However, despite my "oh-so-professional-assessment ", UCONN won by almost 40 points (80 - 44).

The next day we took D's sister's advice and went to visit a wonderful museum about which I will write more next time.

On our way home, I fell victim to a stomach ailment which is why I haven't written since we returned,

Monday, January 8, 2018

Slow Start on a Cold Day

Already off to a slow start but for a good and enjoyable reason.  Today instead of working on a current project (making needle "books" - those are very small fabric cases for holding needles), I went out to lunch with a teacher friend.  And I don't regret it one bit!
We went to an almost deserted shopping center (the cold weather is certainly keeping people at home!) where we went to our favorite restaurant. While the lunch was delicious, the conversation was even better.  

It meant that when I came home, I had to throw the laundry in and hustle up to my studio to try and get at least a little work done.  

Completion is still the word for the year, and those needle books will be finished!

Sunday, January 7, 2018

One Word

We were fortunate to have SiL A with us for New Year's Eve and Day, and at one point, the subject of resolutions came up.  If you've read this blog for a while, you know that my ability to keep resolutions is dismal at best.  It isn't even so much that I decide not to keep them as it is that I forget them.  And that means - they aren't important to me.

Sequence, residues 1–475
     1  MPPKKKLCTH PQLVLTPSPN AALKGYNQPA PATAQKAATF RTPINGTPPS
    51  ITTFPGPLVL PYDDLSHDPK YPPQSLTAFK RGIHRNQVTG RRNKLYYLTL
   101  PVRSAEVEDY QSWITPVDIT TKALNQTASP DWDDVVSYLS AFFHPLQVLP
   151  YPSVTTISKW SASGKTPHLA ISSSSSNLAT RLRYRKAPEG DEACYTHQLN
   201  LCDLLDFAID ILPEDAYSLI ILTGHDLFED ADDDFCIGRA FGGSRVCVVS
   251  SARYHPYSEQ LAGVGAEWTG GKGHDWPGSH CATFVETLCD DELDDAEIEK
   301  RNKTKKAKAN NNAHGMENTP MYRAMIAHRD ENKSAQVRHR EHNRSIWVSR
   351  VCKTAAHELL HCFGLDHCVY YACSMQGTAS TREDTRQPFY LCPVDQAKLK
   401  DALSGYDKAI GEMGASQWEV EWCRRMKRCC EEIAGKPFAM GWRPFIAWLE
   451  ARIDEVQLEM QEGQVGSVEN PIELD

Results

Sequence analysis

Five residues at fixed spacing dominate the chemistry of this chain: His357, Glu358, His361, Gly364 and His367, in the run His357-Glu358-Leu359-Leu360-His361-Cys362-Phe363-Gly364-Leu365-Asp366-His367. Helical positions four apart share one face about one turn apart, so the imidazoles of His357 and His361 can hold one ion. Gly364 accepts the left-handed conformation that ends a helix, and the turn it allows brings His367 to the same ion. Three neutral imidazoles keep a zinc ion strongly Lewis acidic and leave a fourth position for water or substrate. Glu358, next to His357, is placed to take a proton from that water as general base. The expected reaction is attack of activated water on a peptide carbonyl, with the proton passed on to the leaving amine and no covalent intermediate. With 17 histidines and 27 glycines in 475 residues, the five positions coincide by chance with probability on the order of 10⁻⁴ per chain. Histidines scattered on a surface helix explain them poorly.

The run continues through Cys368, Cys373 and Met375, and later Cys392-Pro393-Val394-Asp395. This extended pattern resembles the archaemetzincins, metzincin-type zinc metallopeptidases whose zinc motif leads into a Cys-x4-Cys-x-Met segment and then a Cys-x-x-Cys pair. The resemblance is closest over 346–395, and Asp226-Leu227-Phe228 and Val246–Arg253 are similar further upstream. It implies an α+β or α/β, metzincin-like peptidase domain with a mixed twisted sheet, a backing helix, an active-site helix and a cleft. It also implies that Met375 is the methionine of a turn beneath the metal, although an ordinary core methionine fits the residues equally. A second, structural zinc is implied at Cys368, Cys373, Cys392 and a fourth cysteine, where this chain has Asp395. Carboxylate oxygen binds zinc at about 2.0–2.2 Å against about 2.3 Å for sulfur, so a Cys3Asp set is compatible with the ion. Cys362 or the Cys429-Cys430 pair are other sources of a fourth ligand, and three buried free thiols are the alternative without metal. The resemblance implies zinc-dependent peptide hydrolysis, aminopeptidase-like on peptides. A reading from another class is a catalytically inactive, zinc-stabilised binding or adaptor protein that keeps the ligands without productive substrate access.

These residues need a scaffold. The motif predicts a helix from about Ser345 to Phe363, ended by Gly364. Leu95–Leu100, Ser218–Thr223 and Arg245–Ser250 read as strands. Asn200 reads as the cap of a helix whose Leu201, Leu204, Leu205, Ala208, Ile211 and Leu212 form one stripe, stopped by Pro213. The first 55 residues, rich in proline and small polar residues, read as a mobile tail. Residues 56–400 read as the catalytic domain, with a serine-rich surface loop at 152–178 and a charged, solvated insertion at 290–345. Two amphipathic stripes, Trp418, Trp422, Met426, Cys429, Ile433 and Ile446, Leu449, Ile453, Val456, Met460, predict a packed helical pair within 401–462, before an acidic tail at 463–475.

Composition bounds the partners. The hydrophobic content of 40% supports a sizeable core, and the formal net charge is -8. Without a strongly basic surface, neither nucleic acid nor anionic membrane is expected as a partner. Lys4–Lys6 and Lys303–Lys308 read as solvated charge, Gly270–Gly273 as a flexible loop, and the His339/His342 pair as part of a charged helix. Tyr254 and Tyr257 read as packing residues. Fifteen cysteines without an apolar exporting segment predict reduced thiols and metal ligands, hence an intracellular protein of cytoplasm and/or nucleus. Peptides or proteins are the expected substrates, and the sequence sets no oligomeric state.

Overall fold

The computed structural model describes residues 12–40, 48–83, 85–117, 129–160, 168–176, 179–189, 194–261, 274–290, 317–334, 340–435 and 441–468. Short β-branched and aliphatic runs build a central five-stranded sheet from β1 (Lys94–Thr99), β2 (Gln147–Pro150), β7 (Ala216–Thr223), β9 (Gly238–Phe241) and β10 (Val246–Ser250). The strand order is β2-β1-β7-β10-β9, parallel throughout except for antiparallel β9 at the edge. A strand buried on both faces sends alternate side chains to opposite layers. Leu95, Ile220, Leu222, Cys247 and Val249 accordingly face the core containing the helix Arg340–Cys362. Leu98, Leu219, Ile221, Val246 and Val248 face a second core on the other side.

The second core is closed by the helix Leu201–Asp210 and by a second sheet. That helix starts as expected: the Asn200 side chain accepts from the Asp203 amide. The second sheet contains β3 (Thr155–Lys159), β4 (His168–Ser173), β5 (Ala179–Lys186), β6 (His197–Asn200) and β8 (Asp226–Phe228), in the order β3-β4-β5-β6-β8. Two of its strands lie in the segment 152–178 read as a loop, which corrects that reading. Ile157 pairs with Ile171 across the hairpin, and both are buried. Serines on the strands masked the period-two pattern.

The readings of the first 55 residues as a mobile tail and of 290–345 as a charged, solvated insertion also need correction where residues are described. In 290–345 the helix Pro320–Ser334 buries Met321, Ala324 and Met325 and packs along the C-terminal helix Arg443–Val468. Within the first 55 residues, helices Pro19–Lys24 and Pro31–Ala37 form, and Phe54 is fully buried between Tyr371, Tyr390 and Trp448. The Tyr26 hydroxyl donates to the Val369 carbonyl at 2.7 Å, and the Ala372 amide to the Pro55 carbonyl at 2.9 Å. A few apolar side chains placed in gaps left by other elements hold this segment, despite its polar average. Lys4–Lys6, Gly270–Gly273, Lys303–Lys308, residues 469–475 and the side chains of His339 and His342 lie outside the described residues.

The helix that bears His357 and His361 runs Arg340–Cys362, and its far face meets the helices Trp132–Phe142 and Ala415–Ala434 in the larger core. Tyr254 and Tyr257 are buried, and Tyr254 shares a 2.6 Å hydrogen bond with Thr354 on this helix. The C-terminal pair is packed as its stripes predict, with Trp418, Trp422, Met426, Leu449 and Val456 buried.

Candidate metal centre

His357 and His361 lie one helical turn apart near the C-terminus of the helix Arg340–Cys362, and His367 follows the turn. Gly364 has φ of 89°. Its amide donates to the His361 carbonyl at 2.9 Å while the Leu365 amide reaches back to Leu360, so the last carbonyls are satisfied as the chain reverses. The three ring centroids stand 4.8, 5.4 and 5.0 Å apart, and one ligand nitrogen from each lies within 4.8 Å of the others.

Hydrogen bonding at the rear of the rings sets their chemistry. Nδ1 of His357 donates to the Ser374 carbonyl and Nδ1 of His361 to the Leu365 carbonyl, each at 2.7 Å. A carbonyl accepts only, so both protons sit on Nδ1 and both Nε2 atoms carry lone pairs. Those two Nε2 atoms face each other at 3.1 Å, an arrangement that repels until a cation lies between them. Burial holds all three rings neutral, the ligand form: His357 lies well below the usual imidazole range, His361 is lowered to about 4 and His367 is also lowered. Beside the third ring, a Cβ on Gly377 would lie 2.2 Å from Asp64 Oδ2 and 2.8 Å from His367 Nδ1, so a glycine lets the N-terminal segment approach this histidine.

Anyway, A said she gave up on making resolutions long ago as "they are doomed to failure".  Instead she said she finds a significant word and lets that guide her through the year.  As this year of her retirement will see her moving from the cold to a warmer climate and closer to another sibling, her word for this year is "Adventure".  Wow, perfect word!  First there's the move, and second, she and her sister have a big trip planned. 

I stood there for a moment after commenting on the appropriateness of her choice, and then a word popped into my head.  "Completion".

This is my year to complete some of the things I have started.  I'd already started on that when my friend and I started sharing a monthly list of projects.  So far I've done pretty well on that even though I discovered that a list in December doesn't work.  I'd like to continue the monthly list and focus on completion.

Here's January's list which was developed last week.  This month there is no special order even though I number them:

  1. Put the binding on "Snow Days" quilt
  2. Finish "Farmer's Wife" quilt
  3. Work on Barbara's crazy quilt block
  4. Work on Migration sweater
  5. Sort two more bins

That will keep me busy this month, and even if I don't finish everything, I will have brought these projects closer to Completion!